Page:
About last night …

I listened to CKAC on the drive home last night and Martin Lemay reeled off some adjectives to describe the Canadiens performances.

In translated form: Disgusting, pathetic, ignoble, stomach-turning, disillusioning, shabby …

I’ve probably missed a few. But Lemay captured the mood in Montreal after yet another home-ice embarrassment. And he was bang-on in talking about the particularly painful impact of a Saturday night loss.

Patients in children’s hospitals, Lemay said, wake up smiling on Saturday mornings. They spend the day in joyful anticipation of watching their beloved Montreal Canadiens on TV.

That enthusiasm is shared by hundreds of thousands, perhaps millions of Montrealers. The importance of the Canadiens transcends sports. Passionate attachment to the team is something that unites this demographically diverse and frequently fractious city.

Seconds before the Canadiens take to the ice at home games, Bell Centre PA announcer Michel Lacroix, booms out "Accueillons NOS Canadiens!"

Lacroix emphasizes the possessive pronoun because while George Gillet signs the paycheques and Bob Gainey decides who’ll get them, the team skating out to rapturous applause in the NHL’s biggest arena is OUR  Canadiens.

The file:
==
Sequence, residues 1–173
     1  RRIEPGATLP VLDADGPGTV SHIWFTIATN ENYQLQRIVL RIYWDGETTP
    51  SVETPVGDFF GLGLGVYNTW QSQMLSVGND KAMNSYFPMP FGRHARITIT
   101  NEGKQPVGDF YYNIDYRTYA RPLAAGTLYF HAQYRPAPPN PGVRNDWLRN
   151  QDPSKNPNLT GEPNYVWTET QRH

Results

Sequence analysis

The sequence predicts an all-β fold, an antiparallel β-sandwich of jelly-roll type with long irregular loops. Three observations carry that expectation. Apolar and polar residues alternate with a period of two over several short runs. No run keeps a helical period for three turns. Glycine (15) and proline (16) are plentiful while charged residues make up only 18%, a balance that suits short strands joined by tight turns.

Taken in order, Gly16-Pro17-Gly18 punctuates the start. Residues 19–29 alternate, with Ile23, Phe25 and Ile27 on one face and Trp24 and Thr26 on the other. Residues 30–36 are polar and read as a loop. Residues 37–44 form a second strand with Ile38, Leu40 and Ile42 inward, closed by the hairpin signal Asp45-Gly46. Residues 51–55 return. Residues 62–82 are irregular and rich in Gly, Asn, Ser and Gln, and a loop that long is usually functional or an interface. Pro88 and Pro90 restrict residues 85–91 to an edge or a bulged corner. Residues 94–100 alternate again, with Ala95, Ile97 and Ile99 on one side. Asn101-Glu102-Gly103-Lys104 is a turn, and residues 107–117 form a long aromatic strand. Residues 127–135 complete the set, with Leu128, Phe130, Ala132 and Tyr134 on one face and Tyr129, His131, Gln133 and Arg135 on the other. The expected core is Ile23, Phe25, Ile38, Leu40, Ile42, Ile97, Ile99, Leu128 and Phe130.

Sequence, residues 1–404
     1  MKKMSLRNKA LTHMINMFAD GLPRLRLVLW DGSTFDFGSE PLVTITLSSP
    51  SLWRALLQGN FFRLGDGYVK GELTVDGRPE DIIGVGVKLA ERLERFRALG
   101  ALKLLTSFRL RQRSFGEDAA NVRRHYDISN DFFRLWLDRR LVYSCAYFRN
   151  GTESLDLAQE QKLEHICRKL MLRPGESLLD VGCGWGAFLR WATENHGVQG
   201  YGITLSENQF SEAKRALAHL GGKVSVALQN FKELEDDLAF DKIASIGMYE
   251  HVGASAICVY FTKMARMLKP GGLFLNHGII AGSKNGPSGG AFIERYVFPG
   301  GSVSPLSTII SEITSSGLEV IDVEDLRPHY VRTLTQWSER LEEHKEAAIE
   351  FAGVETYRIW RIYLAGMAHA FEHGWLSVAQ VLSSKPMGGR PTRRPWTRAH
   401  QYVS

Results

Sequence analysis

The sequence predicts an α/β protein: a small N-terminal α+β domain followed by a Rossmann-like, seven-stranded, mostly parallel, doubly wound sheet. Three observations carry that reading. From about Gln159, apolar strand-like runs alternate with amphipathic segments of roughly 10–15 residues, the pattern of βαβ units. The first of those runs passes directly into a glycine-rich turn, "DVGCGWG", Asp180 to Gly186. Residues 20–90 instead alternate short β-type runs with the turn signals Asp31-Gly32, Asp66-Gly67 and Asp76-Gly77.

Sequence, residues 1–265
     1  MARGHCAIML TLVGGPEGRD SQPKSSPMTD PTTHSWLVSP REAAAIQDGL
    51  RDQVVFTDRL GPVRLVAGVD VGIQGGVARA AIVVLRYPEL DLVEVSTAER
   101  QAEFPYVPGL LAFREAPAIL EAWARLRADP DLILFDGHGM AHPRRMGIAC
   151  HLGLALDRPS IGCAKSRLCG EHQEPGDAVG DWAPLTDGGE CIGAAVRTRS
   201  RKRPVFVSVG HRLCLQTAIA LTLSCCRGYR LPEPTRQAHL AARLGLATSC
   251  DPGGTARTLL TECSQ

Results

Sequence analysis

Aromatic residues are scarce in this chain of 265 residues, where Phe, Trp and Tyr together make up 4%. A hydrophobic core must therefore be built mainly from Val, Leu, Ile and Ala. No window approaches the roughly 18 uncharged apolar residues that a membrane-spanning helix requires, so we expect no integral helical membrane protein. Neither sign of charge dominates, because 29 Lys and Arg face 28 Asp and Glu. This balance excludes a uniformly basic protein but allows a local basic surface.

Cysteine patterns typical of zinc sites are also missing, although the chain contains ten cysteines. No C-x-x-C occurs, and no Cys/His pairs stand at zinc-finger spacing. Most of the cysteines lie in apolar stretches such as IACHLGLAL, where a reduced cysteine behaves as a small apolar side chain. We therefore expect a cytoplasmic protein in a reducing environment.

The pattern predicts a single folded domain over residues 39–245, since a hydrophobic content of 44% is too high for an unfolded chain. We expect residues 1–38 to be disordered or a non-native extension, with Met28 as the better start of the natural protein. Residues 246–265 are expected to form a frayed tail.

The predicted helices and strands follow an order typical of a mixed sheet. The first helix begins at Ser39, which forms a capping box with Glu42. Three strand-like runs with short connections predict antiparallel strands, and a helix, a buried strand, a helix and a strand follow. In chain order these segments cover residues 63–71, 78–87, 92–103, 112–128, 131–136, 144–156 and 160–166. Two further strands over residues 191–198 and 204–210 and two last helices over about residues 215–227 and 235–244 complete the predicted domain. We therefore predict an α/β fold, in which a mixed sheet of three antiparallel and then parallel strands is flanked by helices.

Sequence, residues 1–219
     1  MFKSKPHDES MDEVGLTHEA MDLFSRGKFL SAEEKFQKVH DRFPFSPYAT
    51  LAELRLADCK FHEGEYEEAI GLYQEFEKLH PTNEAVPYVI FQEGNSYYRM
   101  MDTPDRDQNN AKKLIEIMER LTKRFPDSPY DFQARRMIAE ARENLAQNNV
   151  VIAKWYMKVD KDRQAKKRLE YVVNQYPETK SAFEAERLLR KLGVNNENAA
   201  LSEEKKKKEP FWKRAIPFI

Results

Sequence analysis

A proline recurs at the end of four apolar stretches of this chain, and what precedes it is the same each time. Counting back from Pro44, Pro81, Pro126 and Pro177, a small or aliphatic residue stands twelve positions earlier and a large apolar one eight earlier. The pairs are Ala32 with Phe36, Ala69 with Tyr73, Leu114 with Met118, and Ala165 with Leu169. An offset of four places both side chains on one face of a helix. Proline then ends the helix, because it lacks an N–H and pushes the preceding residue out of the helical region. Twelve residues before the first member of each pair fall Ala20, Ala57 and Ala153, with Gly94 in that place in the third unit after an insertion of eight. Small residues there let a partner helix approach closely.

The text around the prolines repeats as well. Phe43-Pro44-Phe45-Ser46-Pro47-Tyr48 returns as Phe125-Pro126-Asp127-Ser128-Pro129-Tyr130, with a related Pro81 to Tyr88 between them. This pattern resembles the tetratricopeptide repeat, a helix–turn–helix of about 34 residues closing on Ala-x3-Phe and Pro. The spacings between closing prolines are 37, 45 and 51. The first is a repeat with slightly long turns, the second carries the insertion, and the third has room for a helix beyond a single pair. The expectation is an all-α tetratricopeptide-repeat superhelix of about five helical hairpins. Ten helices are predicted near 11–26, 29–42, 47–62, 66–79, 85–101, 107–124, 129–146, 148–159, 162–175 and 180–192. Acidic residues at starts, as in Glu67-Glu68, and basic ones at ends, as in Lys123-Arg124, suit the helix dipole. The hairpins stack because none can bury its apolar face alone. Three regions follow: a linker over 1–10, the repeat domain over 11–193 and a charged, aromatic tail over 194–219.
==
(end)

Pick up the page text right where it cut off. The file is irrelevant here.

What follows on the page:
The CH symbol is everywhere in Montreal (including my right bicep). To a greater degree than any other NHL city, including Toronto, Montreal lives and dies with its hockey team.

And we’re dying.

Martin Lemay is dying.

I’m dying.

One would hope the kids in the hospitals, God bless ‘em, won’t die. But on six Saturday nights this season, the Montreal Canadiens have broken their little hearts.

It  can only happen once more this year.  The Leafs are here next Saturday. Then the next Saturday game at the Bell Centre is  Jan. 5.

By then, maybe the Canadiens will have figured out what ails them and taken certain steps to correct it.

To be honest, I’m not optimistic. As the bartender said to Diva Dion, "Hey, Céline, why the long face?"

• Goaltending, which was supposed to  be the team’s strength, is a mess.

• Team speed, another alleged forte, is a myth. Sure the Canadiens look fast against Toronto and Boston. But they’ve been outskated by Buffalo, Nashville, Detroit and Carolina. 

• Canadiens can’t score. Their 30-goal man has three this season and is being booed out of town. Their captain hasn’t scored since 2:40 of the first period in a 7-4 win over the Boston whipping boys on Nov. 17. And they’re the only team in the league that has two defencemen playing forward.

• System? What system? The aforementioned slick-skating teams easily break up Canadiens’ rushes, effortlessly clear their zones and consistently gain the Canadiens’ blueline without breaking a sweat. The other team is first on the puck and wins most of the one-on-one battles. Opponents routinely rack up at least 30 shots on goal; and unlike Canadiens’ total of 36 last night, the other guys get quality chances.

• Canadiens against teams that aren’t from Boston: Won 10, lost 11, lost another four in OT/SO. 

• And finally, show of hands please: Everybody who thinks Guy Carbonneau is the coach who can turn this mess around. 

 

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